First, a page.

Isbell was born in Houston, Texas, the second son of Adger and Sarah Isbell. His older brother Cody was also a football player for Purdue. Cecil also had two younger brothers who played college football, William Adger "Dub" Isbell Jr. at Rice University and Larry Isbell at Baylor University. Cecil attended Sam Houston High School in Houston. Cecil played for Purdue from 1935 through 1937. He was voted the Boilermakers' most valuable player for the 1937 season. In the summer of 1938, he led the College All-Stars to victory over the NFL champion Washington Redskins at Soldier Field in Chicago. Isbell was named the game's MVP as the All-Stars prevailed, 28–16.
Isbell was drafted in the first round of the 1938 NFL Draft by the Green Bay Packers. When he arrived in Green Bay, the Packers already had an All-Pro tailback, Arnie Herber. who had led the Packers to the NFL Championship in 1936. Coach Curly Lambeau alternated Isbell and Herber and occasionally used them in the same backfield, with Isbell at halfback. This "platooning" allowed Isbell to learn Lambeau's offense, the Notre Dame Box. Isbell was a very accurate passer and a good runner and he led the Packers in rushing and passing in his rookie year. The Packers came in first in the West and faced the New York Giants in the championship game. Isbell rushed 11 times for 20 yards and was 3 of 5 passing for 91 yards, but the Giants prevailed, 23–17. In 1939, the Packers used the same attack and again Isbell led the team in rushing while catching 9 passes as well. The Packers finished in first again and faced New York in a rematch from the year before. This time the Packers crushed the Giants, 27–0, with Isbell throwing a 27 yard touchdown.
From 1940 to 1942, the Packers finished second in the West to the Chicago Bears each year. Isbell became a more accomplished passer during this time, connecting regularly with Don Hutson in record-setting frequency. In 1941, Isbell set an NFL record for yards passing with 1479 and led the league in completion percentage (56.8%) and touchdown passes with 15 (10 to Hutson). The Packers finished the season tied with Chicago but lost to the Bears in a divisional playoff, 33–14. In 1942, Isbell surpassed his own record with 2021 yards passing and set a new record with 24 touchdown passes. Hutson also set NFL records with 74 receptions, 1211 yards receiving and 17 touchdowns (Hutson's touchdown mark was matched by Elroy Hirsch in 1951 and stood until 1984). Still, the Packers finished second to Chicago, who were 11–0 in the regular season.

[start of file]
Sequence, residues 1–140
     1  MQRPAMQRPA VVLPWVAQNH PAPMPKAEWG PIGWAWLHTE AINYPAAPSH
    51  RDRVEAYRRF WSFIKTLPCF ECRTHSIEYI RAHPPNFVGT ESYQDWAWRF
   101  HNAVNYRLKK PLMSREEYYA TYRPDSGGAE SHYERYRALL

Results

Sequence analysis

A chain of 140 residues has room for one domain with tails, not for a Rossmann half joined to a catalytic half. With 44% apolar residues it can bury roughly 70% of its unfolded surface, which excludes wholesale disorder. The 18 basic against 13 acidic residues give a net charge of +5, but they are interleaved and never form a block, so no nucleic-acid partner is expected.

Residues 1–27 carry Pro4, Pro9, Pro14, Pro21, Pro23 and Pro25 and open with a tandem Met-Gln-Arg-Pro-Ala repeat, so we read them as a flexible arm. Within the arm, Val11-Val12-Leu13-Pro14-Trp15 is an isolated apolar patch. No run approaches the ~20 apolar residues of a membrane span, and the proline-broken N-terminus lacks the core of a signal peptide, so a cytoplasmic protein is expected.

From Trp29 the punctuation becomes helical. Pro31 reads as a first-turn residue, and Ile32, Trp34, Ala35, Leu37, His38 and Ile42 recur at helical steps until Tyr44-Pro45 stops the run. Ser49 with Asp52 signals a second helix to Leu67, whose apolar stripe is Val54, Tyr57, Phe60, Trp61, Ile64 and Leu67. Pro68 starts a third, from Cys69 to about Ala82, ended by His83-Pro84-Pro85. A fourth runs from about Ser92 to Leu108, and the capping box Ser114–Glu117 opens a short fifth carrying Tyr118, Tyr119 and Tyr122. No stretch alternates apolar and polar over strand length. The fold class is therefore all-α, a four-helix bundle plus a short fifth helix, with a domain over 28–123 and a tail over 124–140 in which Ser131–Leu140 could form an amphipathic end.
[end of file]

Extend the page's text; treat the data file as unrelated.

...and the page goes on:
After the 1942 season, Isbell quit the NFL to coach at Purdue. Isbell made it clear he wanted to quit while he was still on top of his game and not be pushed out after getting old and slow, as he had seen happen to other players. He finished with 5945 yards passing, 61 touchdowns, and 52 interceptions. Had he continued to play, he would have probably been considered one of the top passers of his day, right alongside Sammy Baugh and Sid Luckman.
Isbell started out at Purdue as an assistant coach and took over as head coach in 1944. He coached there for three years with a 14–14–1 record. In 1947, he became a pro coach for the Baltimore Colts in the All-America Football Conference. He coached for 2½ years, never with much success. He was finally fired in 1949 after winning only 10 games. His one claim to fame from those years in the AAFC was he was the first coach of Y. A. Tittle, who went on to great success in the NFL. After a few more years as an assistant coach in the NFL coaching with Curly Lambeau in Chicago and Washington, Isbell quit football for business in the mid 1950s.